RAF Lakenheath Wing History

In a presidential message to Congress January 12, 1939, President Franklin D. Roosevelt stated war within Europe was inevitable. The Third Reich and Japan had developed larger and faster aircraft, some of which might be capable of reaching America’s shores, according to the war department. This development prompted Roosevelt to revamp America’s military planning, stating that "increased range, increased speed, increased capacity of airplanes abroad have changed our requirement for defensive aviation."

In May 1940, the U.S. Army Air Crops formulated plans to meet the president’s call for increased aircraft production. This plan, aimed at bolstering America’s airpower at her off-shore installations and territories, included the addition of nearly 80,000 men and 41 combat groups.

As part of the war department’s plan, the Army Air Corps activated the 48th Bombardment Group (Light) January 15,1941. Assigned to the group was a complement of four combat units--the 55th, 56th, 57th and 88th Bombardment Squadrons. These activations resulted from the buildup of military forces known as the “First Aviation Objective,” in which the Air Corps activated 54 combat groups to prepare for the looming Second World War. For the first two years of its life, as was the case with many of its sister units, the group and its squadrons underwent a series of re-designations and transfers to meet Air Corps operational needs.

Initially, the 48th and its four flying squadrons served as a training unit, preparing its pilots and maintenance crews for eventual combat. After training, many of the group’s personnel went on to serve in squadrons stationed in Europe and the Pacific, while the 48th remained in the States. Over the next two years the group moved from Hunter Field to Will Rogers Field, Oklahoma, back to Savannah, Georgia, then on to Key Field, Mississippi; William Northern Field, Tennessee; and Walterboro AAF, South Carolina. Initially the men of the 48th trained with A-20 and A-18 twin-engine attack, light bomber aircraft. After moving to Key Field, the group used the A-24, A-31, A-35, and A-36 aircraft for training. While at Key Field, on 15 August 1943, the group was redesignated the 48th Fighter-Bomber Group. Furthermore, the flying squadrons were redesignated the 492d, 493d, 494th, and 495th Fighter-Bomber Squadrons.

Five days after these organizational changes, the 48th moved again, this time back to William Northern Field, Tennessee. With this move, the 48th abandoned its training mission and served as a strictly operational unit, flying in maneuvers with its first fighters, the P-39 Airacobra and P-40 Warhawk.

In early 1944, after years of training and flying across the United States, the 48th returned to the East Coast. At first the group conducted coastal patrol missions and training in the single seat fighter it would use throughout World War II, the P-47 Thunderbolt. After three months in South Carolina, the group moved up to Camp Shanks, New York and prepared for its embarkation to Europe.

On 21 March 1944, the men of the 48th Fighter-Bomber Group boarded the Queen Mary, bound for a then unknown and uncertain service in World War II. After a week of sea travel, the contingent arrived at Gourock, Scotland. From there they traveled by train for two days to their first overseas base, RAF Station Ibsley in Southern England. Almost immediately after their arrival the 48th began a rigorous training program, flying dive bombing, glide bombing, night flying, low-level navigation, smoke laying, reconnaissance, and patrol convoy sorties. Over the next two months the number of sorties steadily increased, and the group flew its first combat missions on 20 April 1944—an uneventful fighter sweep of the occupied French coast. Conducting primarily close air support missions with the P-47, the group and squadrons underwent another name change on 30 May 1944, dropping the designation “bomber.” Thus, the name that would remain with the units throughout the war was the 48th Fighter Group and the 492d, 493d, 494th, and 495th Fighter Squadrons.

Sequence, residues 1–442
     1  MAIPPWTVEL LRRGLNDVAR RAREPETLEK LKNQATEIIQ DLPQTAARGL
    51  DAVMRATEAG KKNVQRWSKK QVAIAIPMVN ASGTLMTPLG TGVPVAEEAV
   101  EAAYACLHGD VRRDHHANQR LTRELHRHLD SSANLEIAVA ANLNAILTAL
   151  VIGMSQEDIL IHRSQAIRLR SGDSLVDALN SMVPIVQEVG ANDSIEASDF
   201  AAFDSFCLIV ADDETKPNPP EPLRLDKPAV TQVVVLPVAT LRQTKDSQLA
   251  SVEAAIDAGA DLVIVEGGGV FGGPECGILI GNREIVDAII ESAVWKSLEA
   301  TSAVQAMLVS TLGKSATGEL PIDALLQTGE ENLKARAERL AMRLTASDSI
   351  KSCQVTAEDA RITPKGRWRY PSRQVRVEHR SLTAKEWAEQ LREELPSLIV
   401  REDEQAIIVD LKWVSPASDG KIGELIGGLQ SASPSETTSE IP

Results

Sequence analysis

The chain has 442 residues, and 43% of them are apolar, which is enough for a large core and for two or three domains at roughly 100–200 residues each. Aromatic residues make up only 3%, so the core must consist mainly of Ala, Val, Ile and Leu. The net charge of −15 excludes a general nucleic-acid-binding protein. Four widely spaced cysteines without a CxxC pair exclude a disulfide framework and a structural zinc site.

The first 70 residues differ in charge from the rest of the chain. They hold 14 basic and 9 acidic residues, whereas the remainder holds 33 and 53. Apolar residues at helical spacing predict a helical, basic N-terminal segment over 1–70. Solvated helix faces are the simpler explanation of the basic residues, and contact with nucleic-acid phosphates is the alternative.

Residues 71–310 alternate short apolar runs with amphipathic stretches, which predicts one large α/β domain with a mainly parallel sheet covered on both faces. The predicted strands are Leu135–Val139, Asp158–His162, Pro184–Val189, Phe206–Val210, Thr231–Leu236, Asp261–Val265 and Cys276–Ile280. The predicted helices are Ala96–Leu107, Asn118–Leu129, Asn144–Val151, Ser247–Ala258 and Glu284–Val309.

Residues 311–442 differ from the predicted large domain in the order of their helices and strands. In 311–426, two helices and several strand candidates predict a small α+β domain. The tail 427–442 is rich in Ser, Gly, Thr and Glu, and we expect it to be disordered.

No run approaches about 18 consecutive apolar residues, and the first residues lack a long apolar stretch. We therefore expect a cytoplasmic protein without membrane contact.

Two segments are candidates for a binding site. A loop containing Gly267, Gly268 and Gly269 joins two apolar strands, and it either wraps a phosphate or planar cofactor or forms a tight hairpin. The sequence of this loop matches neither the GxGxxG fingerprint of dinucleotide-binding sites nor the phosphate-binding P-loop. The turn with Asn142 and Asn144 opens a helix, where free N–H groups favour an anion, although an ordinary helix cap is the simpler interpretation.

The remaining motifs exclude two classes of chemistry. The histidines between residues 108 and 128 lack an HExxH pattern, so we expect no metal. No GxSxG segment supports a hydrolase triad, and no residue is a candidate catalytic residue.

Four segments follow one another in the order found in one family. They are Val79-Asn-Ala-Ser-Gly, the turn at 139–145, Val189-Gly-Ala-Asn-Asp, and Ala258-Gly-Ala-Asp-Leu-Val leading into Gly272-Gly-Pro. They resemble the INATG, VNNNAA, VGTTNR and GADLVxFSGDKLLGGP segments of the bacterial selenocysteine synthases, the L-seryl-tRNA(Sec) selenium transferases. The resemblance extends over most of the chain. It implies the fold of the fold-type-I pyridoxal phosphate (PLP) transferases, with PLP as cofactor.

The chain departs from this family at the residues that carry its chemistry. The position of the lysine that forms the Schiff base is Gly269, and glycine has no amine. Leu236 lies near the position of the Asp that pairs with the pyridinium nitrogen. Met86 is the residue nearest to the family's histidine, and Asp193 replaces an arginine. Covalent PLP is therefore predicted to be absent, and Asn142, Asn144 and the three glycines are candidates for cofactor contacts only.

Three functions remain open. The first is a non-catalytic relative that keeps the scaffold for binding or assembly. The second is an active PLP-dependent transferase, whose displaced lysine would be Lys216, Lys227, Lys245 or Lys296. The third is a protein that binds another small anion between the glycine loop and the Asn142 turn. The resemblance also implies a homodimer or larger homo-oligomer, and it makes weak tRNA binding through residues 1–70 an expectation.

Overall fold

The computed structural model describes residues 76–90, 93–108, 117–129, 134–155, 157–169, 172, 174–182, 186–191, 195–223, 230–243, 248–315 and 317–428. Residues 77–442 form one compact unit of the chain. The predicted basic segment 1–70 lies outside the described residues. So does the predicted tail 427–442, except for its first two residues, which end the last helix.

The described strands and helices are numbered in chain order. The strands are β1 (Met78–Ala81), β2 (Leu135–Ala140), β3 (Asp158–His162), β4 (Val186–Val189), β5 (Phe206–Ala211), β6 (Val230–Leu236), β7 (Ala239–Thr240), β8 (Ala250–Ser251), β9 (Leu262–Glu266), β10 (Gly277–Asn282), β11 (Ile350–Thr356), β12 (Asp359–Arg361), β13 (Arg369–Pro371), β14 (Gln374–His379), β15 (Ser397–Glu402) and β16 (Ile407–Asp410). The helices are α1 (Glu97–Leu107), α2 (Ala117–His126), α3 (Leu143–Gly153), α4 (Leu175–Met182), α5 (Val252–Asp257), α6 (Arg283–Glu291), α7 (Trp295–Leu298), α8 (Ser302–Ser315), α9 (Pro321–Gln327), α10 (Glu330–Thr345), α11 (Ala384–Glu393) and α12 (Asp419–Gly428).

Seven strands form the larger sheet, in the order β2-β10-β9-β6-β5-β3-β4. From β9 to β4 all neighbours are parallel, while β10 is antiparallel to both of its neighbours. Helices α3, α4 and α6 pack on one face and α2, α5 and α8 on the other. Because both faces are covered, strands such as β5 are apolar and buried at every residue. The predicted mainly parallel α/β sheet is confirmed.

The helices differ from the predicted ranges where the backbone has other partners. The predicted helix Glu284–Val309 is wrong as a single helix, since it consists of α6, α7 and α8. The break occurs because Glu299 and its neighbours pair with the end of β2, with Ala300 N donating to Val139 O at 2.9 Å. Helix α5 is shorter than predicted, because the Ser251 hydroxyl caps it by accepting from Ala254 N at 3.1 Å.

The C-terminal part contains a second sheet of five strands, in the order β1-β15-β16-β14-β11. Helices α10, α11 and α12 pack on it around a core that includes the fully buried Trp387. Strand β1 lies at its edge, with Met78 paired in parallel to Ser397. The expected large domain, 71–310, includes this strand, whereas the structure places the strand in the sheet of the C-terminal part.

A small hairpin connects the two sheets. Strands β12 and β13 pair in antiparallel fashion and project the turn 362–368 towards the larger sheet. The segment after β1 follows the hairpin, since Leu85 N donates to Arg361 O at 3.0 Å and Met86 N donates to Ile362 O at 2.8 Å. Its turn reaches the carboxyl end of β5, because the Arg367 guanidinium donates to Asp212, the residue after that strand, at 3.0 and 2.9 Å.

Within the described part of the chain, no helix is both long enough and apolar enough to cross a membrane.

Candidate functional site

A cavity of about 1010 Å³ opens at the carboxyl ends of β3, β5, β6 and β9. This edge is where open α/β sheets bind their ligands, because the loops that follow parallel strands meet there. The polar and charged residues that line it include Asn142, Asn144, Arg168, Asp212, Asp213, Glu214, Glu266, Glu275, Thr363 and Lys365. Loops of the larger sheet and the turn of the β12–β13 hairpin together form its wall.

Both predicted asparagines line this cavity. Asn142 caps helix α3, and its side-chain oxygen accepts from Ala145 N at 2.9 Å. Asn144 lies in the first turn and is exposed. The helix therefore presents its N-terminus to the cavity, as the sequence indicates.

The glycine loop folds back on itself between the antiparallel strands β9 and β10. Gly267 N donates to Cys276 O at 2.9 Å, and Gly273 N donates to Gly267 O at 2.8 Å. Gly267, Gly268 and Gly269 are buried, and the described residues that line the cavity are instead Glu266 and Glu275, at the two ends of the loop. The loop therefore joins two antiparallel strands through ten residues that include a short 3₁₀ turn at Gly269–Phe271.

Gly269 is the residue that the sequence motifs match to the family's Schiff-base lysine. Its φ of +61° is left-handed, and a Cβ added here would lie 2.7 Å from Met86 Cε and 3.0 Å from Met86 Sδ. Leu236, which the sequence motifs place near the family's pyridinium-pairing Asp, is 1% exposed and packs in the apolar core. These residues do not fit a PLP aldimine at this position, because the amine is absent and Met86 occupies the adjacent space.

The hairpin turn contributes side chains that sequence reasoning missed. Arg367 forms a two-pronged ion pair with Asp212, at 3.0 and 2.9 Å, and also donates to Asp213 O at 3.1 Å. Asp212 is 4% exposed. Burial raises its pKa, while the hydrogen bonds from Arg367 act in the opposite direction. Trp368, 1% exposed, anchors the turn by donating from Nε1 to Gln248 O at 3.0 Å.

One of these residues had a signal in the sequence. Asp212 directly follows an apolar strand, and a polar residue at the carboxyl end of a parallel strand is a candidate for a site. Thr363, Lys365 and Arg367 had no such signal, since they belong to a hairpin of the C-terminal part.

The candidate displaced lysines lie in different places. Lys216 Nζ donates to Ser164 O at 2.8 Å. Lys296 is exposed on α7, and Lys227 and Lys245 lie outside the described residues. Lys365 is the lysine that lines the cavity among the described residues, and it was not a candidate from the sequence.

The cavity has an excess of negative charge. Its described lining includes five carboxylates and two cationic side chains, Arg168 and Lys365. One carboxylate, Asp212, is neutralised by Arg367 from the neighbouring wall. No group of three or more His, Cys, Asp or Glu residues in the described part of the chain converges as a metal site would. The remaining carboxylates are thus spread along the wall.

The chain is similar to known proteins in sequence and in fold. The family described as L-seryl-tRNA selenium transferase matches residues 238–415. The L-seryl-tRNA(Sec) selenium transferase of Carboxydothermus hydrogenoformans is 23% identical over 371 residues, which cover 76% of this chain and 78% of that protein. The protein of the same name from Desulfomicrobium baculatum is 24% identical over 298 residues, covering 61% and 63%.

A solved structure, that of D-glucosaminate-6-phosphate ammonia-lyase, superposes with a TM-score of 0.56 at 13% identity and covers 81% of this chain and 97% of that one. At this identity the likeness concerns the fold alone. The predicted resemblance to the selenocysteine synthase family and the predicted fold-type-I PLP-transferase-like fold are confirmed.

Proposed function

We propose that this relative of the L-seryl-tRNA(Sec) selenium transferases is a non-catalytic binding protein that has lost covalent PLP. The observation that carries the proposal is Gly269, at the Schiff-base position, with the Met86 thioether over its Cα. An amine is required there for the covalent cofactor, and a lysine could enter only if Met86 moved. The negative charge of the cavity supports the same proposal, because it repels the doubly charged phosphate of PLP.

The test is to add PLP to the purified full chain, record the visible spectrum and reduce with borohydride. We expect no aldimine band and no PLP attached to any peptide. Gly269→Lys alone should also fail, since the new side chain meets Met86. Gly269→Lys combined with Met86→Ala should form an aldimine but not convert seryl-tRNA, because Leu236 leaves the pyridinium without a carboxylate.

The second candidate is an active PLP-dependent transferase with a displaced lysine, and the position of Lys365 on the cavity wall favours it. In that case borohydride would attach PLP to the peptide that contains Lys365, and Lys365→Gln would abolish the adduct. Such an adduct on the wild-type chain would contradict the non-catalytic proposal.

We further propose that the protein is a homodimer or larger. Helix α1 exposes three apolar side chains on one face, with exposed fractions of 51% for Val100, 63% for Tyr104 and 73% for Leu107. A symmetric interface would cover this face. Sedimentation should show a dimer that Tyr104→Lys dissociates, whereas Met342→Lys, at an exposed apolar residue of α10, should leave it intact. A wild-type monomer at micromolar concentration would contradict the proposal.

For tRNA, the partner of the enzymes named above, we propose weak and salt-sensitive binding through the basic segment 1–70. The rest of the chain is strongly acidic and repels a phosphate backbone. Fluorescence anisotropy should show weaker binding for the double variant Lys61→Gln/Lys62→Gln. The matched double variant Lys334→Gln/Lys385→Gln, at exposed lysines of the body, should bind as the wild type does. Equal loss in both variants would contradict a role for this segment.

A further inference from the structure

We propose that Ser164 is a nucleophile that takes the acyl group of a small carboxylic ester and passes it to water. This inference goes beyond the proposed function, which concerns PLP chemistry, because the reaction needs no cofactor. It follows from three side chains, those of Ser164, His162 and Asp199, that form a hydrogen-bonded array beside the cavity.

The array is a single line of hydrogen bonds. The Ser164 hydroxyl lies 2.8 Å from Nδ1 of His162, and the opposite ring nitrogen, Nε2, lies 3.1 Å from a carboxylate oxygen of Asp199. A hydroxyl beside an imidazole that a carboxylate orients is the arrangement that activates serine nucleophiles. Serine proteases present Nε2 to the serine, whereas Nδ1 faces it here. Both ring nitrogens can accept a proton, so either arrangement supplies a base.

Unknown at the time to the pilots of the 48th, all of their training was specifically designed for a campaign against the German positions at Normandy. On 6 June 1944, the 48th participated in a massive invasion of France, which included more than 14,000 sorties flown by the Allied air forces. The three squadrons [1] assisted the Normandy invasion by dropping bombs on bridges and gun positions, attacking rail lines and trains, and providing visual reconnaissance reports. Over the course of the Normandy campaign, the 48th flew nearly 2,000 sorties, dropping nearly 500 tons of bombs and firing more than 160,000 rounds of ammunition.

The new 48th Fighter-Bomber Wing inherited a base that was little more than acres of mud where wheat fields used to be. The only hardened facilities on the base were a concrete runway and a handful of tarpaper shacks. Within two years, the wing headed up an engineering project that resulted in the construction of permanent barracks, a wing headquarters, flightline shops, and warehouses.
While trying to raise a functional base out of the mud, the 48th also served as an operational wing, flying the F-84 Thunderjet. With the F-84, the wing supported North Atlantic Treaty Organization (NATO) and United States Air Forces in Europe (USAFE), and participated in exercises with the US Seventh Army. In addition, the wing conducted operational readiness exercises and tactical evaluations. Honing bombing and gunnery skills, the 48th frequently deployed to Wheelus Field, Libya for training.

[1] The 495th Fighter Squadron disbanded in 1944.